• Jacob may have partially forgotten he details of the previous experience and upon arriving at Bethel had (incorrectly) named the place "El-bethel" (Gen 35:7). However, when God appeared to Jacob, he correctly named the place, "Bethel" (Gen 35:15).
  • It appears that when Jacob named the place "Bethel" the first time (Gen 28:19) he had made a number of pious vows to God as the sole true God of heaven (Gen 28:20-22). However, with the passing of 20 years on his return, Jacobs resolve to serve YHWH had slipped and idol worship had become common in his household and so when Jacob left Paddan-Aram to return to Bethel as instructed (Gen 35:1), they decided to renew their dedication to the true God and rid themselves of idols (Gen 25:2-4). Thus, Jacob renaming the place where he meets God a second time is a place where he renews his covenant with God (or at least in preparation for going there).

The same conclusions are reached by other interpreters as well. Eg, Ellicott:

Jacob called . . . —See Genesis 28:19. The name had, of course, remained unknown and unused, as what then passed had been confined to Jacob’s own inward consciousness. He now teaches the name to his family, explains the reason why he first gave it, and requires them to employ it.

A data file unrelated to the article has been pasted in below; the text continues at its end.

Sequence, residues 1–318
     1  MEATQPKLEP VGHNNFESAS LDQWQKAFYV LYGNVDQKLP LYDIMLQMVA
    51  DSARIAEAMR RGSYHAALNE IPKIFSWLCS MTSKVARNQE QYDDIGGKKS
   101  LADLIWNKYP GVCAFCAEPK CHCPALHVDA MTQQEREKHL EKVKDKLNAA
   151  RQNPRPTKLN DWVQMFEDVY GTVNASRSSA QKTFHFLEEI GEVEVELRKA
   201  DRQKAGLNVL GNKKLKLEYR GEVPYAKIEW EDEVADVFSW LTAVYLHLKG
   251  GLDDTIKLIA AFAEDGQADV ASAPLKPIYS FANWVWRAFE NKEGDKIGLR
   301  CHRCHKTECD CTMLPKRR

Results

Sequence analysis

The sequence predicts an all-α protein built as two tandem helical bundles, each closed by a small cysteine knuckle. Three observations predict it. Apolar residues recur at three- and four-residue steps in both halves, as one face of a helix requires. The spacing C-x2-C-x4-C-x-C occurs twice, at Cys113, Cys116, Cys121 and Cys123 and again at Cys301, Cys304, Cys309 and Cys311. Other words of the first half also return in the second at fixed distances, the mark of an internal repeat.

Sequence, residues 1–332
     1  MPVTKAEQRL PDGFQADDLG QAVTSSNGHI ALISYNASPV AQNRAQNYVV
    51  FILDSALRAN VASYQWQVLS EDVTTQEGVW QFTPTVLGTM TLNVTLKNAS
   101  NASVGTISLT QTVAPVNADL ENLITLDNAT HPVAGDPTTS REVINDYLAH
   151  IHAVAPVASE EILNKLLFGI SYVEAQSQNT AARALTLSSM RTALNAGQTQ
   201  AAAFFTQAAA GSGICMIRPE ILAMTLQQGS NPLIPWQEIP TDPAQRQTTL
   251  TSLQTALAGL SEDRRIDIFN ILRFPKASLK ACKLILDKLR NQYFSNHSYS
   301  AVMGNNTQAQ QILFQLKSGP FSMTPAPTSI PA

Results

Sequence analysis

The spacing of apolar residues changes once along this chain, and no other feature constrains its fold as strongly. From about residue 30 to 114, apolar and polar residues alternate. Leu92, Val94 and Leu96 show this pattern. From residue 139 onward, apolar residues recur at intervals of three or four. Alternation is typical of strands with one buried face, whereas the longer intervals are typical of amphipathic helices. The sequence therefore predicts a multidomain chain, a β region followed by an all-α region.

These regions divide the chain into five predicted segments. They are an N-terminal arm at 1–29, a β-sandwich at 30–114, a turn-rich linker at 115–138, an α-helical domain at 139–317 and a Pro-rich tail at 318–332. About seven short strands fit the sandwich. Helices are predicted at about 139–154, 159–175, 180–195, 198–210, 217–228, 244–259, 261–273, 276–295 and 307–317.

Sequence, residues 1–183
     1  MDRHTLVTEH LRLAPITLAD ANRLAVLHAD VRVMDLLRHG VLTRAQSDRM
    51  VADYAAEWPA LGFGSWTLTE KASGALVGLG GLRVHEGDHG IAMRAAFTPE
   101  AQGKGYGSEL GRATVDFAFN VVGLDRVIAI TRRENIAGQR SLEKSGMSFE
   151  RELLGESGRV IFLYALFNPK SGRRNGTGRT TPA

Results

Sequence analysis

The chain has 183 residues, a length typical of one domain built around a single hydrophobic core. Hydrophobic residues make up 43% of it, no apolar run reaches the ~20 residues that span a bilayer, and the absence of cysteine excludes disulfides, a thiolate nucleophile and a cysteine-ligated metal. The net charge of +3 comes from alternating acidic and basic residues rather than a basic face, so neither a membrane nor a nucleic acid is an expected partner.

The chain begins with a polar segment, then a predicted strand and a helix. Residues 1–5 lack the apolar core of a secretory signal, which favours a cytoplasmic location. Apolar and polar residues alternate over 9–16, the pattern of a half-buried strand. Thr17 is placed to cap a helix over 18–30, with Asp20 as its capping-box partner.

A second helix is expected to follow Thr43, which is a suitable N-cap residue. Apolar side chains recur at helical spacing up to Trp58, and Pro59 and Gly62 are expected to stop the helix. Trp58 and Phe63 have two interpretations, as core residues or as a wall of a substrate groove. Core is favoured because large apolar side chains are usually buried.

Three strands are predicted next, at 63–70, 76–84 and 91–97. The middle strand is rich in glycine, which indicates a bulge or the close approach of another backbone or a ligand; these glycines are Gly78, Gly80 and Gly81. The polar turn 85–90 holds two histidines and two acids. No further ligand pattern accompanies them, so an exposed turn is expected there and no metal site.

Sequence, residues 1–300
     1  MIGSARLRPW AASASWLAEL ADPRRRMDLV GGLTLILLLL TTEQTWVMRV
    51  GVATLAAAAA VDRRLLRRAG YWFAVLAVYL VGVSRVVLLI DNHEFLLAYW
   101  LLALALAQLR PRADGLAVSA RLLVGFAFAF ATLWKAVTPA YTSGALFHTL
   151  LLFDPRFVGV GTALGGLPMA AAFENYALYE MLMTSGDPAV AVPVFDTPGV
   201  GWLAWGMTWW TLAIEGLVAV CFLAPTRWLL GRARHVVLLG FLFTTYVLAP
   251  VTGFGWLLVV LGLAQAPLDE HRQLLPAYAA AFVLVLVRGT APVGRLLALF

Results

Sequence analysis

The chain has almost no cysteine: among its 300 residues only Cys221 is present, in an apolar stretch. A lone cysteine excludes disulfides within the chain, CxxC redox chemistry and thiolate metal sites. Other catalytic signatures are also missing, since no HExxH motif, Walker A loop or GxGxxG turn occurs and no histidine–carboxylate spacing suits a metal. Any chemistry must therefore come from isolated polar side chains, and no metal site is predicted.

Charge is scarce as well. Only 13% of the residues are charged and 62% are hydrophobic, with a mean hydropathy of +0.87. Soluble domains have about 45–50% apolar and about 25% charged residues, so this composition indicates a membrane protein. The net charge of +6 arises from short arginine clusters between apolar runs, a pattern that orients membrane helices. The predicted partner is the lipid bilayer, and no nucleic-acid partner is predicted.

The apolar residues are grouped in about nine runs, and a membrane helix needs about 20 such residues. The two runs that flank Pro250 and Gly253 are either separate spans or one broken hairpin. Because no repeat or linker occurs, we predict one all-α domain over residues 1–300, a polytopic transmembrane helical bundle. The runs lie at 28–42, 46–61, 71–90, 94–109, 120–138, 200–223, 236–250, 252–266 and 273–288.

Barnes also notes:

God appears to Jacob again at Bethel, and renews the promise made to him there Genesis 28:13-14. Again. The writer here refers to the former meeting of God with Jacob at Bethel, and thereby proves himself cognizant of the fact, and of the record already made of it. "When he went out of Padan-aram." This corroborates the explanation of the clause, Genesis 35:6, "which is in the land of Kenaan." Bethel was the last point in this land that was noticed in his flight from Esau. His arrival at the same point indicates that he has now returned from Padan-aram to the land of Kenaan. "He called his name Israel." At Bethel he renews the change of name, to indicate that the meetings here were of equal moment in Jacob's spiritual life with that at Penuel. It implies also that this life had been declining in the interval between Penuel and Bethel, and had now been revived by the call of God to go to Bethel, and by the interview. The renewal of the naming aptly expresses this renewal of spiritual life.

The Pulpit commentary records:

Verse 15. - And Jacob called the name of the place where God spake with him, Bethel. This name was first given after the dream vision of the ladder (Genesis 28:19); already on this occasion it had been changed into El-beth-el (ver. 7); now its old name is reimposed.